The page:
The House Financial Services Committee rookie to watch could prove to be Rep. Katherine Porter (D-Calif.), an experienced bank watchdog and protégé of Sen. Elizabeth Warren (D-Mass.)
Porter’s interest in consumer finance dates back to her time as a student in Warren’s Harvard Law School bankruptcy course. Like Warren, she also parlayed a career as a bankruptcy professor into a political post, eking out a narrow victory last November in historically Republican Orange County.
Porter also served as California’s compliance monitor for the 2012 national settlement on foreclosure abuses by major banks. Porter, along with headline-grabbing Rep. Alexandria Ocasio-Cortez (D-N.Y.), is one of 16 freshman Democrats joining the panel that oversees Wall Street.
“She’s not big profile, but she is very, very knowledgeable,” said Mehrsa Baradaran, a professor at the University of Georgia School of Law and author of How the Other Half Banks.
Porter is seen as bringing academic and analytical chops to the committee’s agenda. As a professor at the University of California-Irvine School of Law, Porter co-authored a 2018 study on the increase of older Americans falling into bankruptcy due to high healthcare costs and income instability. That expertise may come into play in the committee’s focus under Waters on housing finance reform and anti-redlining policies under the Community Reinvestment Act.
“She brings to Congress not only this incredible level of specialized knowledge as an academic who teaches in these areas, but also brings this body of research about how the economy and law really impacts the financial lives of most every day Americans,” Christopher Odinet, a professor at the University of Oklahoma College of Law, told Bloomberg Law.
In addition to Warren, Porter has another ally in Sen. Kamala Harris (D-Calif.) The former California attorney general appointed Porter to monitor up to $18 billion in relief promised to California borrowers under the 2012 settlement with five largest U.S. banks over robo-signing and other improper home foreclosure practices.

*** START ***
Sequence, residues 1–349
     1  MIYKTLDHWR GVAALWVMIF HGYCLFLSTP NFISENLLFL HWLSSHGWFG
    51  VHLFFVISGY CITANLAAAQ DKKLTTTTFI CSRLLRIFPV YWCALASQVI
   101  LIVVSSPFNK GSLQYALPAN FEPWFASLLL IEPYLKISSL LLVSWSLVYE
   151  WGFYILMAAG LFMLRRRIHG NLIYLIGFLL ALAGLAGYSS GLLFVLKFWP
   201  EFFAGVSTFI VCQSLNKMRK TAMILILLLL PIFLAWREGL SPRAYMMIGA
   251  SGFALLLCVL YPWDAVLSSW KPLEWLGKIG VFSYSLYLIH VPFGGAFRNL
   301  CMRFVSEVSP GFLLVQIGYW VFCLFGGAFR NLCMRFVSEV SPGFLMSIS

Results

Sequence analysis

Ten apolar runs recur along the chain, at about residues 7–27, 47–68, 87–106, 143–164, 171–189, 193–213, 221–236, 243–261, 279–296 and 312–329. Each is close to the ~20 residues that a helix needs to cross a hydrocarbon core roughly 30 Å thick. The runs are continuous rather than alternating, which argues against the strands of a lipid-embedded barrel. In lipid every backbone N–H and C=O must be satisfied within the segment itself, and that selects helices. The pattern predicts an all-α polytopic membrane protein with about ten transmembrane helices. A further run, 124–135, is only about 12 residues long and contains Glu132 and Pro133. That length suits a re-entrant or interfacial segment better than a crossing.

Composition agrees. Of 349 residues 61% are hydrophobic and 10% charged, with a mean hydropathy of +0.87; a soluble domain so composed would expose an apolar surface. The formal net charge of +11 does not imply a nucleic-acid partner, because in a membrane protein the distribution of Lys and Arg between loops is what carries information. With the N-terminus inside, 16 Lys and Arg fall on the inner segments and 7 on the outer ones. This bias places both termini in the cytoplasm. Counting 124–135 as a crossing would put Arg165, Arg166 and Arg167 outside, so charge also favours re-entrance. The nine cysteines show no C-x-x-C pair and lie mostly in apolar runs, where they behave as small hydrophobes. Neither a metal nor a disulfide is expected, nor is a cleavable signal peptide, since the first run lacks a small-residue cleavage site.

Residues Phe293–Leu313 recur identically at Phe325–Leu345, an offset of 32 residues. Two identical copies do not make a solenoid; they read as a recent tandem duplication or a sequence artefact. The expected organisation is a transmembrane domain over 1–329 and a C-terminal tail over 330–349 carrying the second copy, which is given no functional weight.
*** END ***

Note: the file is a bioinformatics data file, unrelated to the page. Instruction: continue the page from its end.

Mortgage lending remains a top priority for Porter as a lawmaker.
“I’m looking forward to prioritizing the issues that are important to help families in the 45th district, issues like holding Wall Street accountable, cracking down on predatory lending practices, and working to make housing more affordable,” Porter said in a Jan. 17 video tweet.
Porter is also expected to add her voice to the committee’s plans to scrutinize the Consumer Financial Protection Bureau under the Trump administration, particularly policy and enforcement changes initiated under former Acting Director Mick Mulvaney, now acting White House chief of staff.
Porter is interested long-term in bold legislation focused on consumer protection, but is also looking for bipartisan opportunities on smaller, tailored bills, according to a Porter aide who spoke on background.
Any legislative work is likely to come from the standpoint that “people’s financial problems are actually legal problems,” Odinet said.
“I’m sure she’ll use her position on House Financial Services to shape financial law so that it helps people in how they deal with their financial lives,” Odinet said.
Revolving Door Out of Service?
Porter’s seat on the committee is part of a broader dynamic of allocating positions to new members of Congress whose campaigns relied on small-dollar donors and aren’t eyeing a career in financial services after their tenure, Baradaran said.
“She’s not doing this because she’s interested in the revolving door,” Baradaran said. “Because of the breadth and depth of her knowledge in finance, she’s not going to be easily swayed by some Citibank lobbyist handing her a bill and her not be able to say, This is bunk’,” she said.
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(updates with new quote from Rep. Porter)